A memory

In honor of a certain young lady’s sixteenth birthday.

I saw the look on the physician-assistant’s face– alarm, perhaps horror. She turned away from taking my wife’s blood pressure, muttered, “Please wait here,” and left.

She came back and said, “We’re admitting your wife to the hospital.”

They gave me a new word to learn– pre-eclampsia. My wife’s body was rejecting her pregnancy. They would have to induce labor and deliver our baby.

It was too soon, by almost seven weeks.

When my daughter was born, she was too small. She was just three pounds, eight ounces. She should have been over five pounds. She was small and red. She cried, and the sound was weak and thin.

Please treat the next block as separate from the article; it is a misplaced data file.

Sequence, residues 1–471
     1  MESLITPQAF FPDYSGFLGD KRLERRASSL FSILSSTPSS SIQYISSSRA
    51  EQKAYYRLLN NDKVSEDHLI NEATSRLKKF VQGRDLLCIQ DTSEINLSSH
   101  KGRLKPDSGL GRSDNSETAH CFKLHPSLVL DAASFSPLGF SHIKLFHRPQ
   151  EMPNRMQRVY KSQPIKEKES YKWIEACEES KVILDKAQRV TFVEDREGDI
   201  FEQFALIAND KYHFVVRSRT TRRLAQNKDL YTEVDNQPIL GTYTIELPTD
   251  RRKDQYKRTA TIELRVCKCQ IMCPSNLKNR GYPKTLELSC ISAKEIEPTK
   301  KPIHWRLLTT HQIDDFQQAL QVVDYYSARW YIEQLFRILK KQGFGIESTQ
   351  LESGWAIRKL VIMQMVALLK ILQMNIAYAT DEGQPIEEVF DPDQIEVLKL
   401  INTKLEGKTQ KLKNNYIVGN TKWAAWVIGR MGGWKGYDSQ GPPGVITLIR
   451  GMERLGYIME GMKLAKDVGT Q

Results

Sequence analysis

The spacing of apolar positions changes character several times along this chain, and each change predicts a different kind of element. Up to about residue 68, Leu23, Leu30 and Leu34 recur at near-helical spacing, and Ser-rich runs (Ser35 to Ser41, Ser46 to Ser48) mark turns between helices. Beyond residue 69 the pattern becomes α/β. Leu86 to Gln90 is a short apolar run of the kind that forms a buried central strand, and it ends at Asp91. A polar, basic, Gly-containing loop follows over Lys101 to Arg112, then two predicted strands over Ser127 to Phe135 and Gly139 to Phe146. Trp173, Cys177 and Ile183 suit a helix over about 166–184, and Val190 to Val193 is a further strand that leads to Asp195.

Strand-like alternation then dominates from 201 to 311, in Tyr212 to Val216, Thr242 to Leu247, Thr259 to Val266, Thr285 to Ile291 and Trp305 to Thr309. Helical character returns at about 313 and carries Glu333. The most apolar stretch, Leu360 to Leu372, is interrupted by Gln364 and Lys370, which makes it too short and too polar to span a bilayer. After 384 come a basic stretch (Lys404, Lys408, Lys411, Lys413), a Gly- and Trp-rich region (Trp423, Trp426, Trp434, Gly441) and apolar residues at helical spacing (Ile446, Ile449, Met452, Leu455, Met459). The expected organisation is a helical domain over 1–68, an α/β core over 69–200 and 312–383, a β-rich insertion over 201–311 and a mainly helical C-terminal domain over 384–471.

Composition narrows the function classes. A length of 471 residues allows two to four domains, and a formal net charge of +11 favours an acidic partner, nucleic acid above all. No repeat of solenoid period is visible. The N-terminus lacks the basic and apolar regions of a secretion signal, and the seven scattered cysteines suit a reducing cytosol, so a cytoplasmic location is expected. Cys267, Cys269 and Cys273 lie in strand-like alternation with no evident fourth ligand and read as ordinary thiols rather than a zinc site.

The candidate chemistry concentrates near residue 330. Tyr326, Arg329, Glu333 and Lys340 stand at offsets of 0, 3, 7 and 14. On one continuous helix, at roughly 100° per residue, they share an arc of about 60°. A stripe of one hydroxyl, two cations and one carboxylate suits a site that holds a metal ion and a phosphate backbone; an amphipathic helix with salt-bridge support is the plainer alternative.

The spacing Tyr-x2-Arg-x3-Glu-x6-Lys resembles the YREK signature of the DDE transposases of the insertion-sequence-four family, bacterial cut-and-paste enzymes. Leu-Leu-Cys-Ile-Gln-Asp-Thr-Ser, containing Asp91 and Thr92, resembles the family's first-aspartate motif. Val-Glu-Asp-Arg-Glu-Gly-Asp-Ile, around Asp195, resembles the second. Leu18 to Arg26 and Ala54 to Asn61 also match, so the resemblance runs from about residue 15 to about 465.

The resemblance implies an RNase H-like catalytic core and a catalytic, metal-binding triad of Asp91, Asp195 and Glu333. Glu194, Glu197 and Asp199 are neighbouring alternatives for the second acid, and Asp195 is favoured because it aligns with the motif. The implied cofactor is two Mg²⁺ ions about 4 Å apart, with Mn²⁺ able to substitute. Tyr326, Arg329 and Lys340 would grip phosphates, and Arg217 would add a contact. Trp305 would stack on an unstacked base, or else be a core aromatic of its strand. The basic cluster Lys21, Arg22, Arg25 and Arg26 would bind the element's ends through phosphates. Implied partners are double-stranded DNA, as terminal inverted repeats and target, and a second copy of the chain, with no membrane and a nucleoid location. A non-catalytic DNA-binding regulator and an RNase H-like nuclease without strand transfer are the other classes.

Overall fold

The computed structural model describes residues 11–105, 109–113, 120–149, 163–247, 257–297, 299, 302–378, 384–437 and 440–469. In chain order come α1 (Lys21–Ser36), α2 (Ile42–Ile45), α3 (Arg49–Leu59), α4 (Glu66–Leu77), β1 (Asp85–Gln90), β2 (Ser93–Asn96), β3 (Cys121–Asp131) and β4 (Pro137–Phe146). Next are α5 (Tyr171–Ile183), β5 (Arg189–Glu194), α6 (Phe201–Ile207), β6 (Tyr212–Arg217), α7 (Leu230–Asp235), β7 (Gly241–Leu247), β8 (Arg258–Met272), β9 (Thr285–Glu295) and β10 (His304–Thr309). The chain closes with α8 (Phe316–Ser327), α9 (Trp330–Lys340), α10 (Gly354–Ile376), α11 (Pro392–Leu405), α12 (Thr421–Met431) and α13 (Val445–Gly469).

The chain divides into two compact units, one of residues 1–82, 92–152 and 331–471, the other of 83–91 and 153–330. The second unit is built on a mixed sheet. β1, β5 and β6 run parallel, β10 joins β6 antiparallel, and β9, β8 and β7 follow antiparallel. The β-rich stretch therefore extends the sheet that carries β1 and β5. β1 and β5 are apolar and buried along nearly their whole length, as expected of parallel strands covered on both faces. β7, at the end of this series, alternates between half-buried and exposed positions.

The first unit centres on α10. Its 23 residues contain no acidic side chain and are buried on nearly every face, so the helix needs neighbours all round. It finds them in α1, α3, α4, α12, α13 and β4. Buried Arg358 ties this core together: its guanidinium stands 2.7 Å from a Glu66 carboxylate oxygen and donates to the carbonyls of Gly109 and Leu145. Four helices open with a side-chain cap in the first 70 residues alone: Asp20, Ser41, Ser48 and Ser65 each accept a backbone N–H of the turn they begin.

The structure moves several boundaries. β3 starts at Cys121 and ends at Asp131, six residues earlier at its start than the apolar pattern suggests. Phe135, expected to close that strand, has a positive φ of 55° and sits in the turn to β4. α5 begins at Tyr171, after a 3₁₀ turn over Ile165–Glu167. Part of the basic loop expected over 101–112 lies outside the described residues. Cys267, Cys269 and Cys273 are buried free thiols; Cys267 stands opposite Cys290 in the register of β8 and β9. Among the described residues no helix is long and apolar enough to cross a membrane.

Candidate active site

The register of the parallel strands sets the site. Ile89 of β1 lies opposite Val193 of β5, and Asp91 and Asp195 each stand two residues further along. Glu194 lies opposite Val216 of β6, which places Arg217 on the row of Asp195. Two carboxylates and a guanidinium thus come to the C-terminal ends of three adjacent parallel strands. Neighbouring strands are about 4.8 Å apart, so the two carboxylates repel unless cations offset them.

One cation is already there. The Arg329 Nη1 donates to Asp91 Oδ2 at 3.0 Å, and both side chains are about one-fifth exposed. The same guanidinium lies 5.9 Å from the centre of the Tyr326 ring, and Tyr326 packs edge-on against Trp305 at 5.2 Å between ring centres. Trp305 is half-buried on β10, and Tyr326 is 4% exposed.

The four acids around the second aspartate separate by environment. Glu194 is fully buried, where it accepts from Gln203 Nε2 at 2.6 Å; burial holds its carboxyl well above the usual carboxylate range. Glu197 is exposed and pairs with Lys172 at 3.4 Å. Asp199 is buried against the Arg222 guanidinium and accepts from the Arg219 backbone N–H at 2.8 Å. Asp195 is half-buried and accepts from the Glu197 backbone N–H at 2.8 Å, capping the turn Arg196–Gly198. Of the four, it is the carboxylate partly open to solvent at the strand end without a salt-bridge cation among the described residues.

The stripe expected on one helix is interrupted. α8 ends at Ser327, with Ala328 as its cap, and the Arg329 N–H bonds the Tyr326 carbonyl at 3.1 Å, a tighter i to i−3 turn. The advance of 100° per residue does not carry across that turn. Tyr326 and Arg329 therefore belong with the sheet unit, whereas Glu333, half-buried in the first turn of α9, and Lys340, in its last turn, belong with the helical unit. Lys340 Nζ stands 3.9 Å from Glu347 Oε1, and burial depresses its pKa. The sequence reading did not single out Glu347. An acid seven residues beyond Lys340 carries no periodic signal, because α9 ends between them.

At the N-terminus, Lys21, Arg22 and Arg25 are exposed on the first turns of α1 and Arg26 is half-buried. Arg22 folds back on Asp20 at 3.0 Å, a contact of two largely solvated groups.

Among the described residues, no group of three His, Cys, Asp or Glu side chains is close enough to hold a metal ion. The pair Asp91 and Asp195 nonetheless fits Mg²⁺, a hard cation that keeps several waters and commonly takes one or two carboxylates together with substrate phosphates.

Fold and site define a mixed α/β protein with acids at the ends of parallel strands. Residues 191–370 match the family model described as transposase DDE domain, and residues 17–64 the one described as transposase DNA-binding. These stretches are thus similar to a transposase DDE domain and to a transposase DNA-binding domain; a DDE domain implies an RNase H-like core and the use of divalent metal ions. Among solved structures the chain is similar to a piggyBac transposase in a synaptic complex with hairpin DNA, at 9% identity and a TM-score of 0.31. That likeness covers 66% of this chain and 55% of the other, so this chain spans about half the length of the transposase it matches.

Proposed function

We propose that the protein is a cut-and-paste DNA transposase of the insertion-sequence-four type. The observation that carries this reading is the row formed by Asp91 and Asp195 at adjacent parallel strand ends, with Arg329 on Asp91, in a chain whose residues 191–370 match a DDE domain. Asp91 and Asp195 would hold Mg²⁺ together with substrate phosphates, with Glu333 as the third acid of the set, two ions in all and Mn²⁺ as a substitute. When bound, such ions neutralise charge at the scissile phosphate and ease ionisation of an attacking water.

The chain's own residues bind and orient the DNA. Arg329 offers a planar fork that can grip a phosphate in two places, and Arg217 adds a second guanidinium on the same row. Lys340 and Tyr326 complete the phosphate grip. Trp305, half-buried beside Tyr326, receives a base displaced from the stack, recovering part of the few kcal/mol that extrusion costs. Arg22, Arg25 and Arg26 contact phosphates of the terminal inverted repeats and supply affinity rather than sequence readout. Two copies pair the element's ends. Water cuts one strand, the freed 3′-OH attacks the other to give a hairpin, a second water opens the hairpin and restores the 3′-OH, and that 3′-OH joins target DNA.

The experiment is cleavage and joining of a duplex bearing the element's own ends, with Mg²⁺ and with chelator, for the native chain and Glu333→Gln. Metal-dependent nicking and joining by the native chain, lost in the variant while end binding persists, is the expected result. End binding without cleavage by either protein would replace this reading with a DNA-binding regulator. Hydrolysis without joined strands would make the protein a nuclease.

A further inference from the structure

They had me carry her up to the neonatal ICU. She barely filled my two hands together.

It was after midnight. Two-thirds of the lights in the halls were turned off. We moved through gloom into brief patches of light and back into gloom.

In the light my daughter shut her eyes tight. When we entered the gloom, she opened her eyes and looked up at me.

Now she sings arias in Italian, and tells me, “I can take care of myself, Daddy.” She thinks her old father is silly.

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